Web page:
Four reasons why I don’t think a ‘designer’s gotta code’

Jared Spool started this debate last summer, but recently his tweet, ‘The ugly truth: Designers who can code will squash designers who can’t code in the marketplace’ got me thinking about it again, mostly because he hashtagged the tweet, ‘designersgottacode’.

I don’t think a designer’s got to code.

I mean, I don’t think there’s anything wrong with a designer who can code. Generally, of course, it’s better to be able to do something than not be able to do it. And let’s face it, the principles behind HTML and CSS are pretty easy, so getting a handle on the basics, at least, probably can only be a benefit in terms of your career.

But I don’t think a designer has got to be able to code, and in fact, regardless of whether or not they’re able to code, I think it’s often better if they don’t do it.

Here’s why:

1) It makes it tempting to cut out UX activities

If you’re recruited for a role where you have to design and code, there’s often a risk you’ll end up focusing on coding.

Project managers (or business owners – anyone who has an interest in the budget) always want to see tangible products. Stuff they can sell, stuff they can deliver to clients. Coding the website has to be done.  If it’s not, then you don’t have anything to show for yourself. All the research and planning are unlikely to impress without a finished product. When budget and time are tight, when the project manager is looking for places where work can be trimmed down, you can bet it will be the UX design activities that are viewed as expendable luxuries.

Of course, start-ups are likely to want someone who can design and code (and project manage, too, probably). One person is cheaper than two or three. And if they hire you as a UX designer who can code, than they tell themselves and their clients that their products are the outcome of a user-centred design process, even if, in reality, the design activities have been cut from the project.

2) Coding a bit can be worse than not coding at all

Most of the developers I’ve worked with would be aghast if a designer attempted to meddle with their code. I showed one Jared Spool’s comment that ‘knowing how to code helps you identify bugs and flaws in the production code’ and he just laughed.

Maybe if you have a solid background in proper software engineering (as Jared Spool does) then this would work. Or maybe if you were working on a simple website, it wouldn’t be too dangerous.  Generally, though, for a product to be robust, it needs to coded by someone who really knows their stuff, and to get to really know your stuff in the world of software engineering takes a long time.  I suspect that someone who had spent time building up their UX expertise would not have had the time, practice or focus to be able to be a really solid developer too. I think there is some truth in what they say about Jacks-of-all –trades.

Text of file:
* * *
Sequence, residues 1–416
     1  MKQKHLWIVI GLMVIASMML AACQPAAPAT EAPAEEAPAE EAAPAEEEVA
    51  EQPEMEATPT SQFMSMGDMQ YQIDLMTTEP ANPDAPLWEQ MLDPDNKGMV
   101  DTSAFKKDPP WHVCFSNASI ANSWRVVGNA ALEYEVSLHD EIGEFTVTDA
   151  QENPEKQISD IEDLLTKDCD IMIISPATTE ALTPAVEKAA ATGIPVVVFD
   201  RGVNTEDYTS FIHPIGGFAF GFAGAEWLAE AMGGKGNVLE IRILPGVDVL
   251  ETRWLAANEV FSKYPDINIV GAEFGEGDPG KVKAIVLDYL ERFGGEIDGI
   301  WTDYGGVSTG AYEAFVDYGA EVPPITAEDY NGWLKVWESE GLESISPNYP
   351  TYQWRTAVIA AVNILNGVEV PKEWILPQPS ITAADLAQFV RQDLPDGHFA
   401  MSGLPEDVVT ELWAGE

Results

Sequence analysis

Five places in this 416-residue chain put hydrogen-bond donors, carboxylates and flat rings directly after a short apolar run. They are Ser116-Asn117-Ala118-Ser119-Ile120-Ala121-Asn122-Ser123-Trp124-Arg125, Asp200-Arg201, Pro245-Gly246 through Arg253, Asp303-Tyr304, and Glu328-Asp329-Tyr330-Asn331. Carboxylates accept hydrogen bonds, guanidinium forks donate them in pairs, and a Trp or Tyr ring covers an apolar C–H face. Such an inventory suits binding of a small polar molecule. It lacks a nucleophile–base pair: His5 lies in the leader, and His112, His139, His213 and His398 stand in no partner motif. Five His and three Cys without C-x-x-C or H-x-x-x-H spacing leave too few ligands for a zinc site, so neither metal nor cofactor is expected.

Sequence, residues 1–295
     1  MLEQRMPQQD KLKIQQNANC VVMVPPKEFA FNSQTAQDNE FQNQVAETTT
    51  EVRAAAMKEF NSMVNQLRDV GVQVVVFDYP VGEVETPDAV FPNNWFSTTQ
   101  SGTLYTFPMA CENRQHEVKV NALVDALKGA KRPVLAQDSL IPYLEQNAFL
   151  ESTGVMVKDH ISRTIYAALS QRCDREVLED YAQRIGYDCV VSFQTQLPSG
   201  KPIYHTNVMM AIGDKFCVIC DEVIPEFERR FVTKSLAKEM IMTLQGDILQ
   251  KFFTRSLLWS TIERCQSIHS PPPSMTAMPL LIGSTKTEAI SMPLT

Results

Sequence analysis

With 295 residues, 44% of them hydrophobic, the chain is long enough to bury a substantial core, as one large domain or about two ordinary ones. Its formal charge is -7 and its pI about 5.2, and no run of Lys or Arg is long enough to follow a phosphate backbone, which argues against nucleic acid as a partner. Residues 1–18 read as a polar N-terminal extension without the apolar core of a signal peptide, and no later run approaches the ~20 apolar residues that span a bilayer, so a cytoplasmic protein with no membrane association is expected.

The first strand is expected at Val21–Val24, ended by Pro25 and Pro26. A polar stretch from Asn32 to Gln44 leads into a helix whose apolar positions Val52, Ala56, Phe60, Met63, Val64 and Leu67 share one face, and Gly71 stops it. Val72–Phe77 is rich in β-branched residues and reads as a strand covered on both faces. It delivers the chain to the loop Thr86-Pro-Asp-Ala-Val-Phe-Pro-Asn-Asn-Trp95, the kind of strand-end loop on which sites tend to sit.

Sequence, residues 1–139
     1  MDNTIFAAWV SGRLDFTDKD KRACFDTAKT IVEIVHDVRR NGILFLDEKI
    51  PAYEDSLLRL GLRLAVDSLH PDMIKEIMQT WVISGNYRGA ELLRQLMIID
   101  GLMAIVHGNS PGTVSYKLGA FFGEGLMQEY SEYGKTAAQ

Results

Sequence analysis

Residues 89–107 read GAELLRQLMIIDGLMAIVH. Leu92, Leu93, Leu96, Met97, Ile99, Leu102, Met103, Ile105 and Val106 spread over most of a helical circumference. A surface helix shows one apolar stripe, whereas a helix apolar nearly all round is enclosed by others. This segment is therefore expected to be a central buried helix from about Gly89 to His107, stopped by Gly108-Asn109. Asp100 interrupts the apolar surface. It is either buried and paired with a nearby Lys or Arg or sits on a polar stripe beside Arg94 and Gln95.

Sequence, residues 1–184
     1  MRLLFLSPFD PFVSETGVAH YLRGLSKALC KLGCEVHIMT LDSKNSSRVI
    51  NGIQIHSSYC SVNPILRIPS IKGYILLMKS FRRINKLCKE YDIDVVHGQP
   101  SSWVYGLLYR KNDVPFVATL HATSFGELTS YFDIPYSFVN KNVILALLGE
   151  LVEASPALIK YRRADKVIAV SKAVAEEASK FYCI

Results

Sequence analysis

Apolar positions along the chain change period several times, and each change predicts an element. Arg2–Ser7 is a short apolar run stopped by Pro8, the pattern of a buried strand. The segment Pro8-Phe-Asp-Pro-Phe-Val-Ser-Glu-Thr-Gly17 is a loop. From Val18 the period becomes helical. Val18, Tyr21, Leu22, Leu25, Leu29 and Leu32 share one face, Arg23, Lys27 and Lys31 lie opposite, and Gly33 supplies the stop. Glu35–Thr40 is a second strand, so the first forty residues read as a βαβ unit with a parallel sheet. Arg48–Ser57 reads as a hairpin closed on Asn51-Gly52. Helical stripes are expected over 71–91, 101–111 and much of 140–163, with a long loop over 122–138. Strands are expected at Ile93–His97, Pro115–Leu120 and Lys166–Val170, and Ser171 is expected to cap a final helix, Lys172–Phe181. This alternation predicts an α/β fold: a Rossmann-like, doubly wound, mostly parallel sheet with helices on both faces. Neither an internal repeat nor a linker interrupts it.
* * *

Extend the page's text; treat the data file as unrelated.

3) You don’t need to be able to write code to understand it

Many of the arguments around needing designers to be able to code focus on the point that it’s easier to design well if you know the capabilities of the media you’re designing for. That’s true, but you don’t need to be a coder to understand how it works and how something will be built.

As you work with developers and talk to them about the feasibility of various ideas, you pick up more and more information on how things are put together. You get more of a feel for how different elements of the code talk to each other.  This kind of knowledge is great, but it’s not the same as being to write code. It’s possible to understand how code works without being able to spot a missing semi-colon on line 265.

4) It takes your focus away from the user

This is the most important one, I think.

If you’re going to be coding your design yourself, even if just to the prototype stage, it’s going to be much more tempting to taint your design decisions with a little bit of developer-centricity. Often when developers I’ve been working with have made design suggestions, they’re asking to have features designed in a way that’s quicker or easier to code, or that lets them try out something that they think is a particularly neat coding solution.  My experience has been that when you’re as intimately involved with a product to have seen its insides, you’re not in the best position to see if through the eyes of a user.

This leads me to conclude this post in the same way as I did my previous post (on UX developers): Designing a user experience should be focused around people, not technology.

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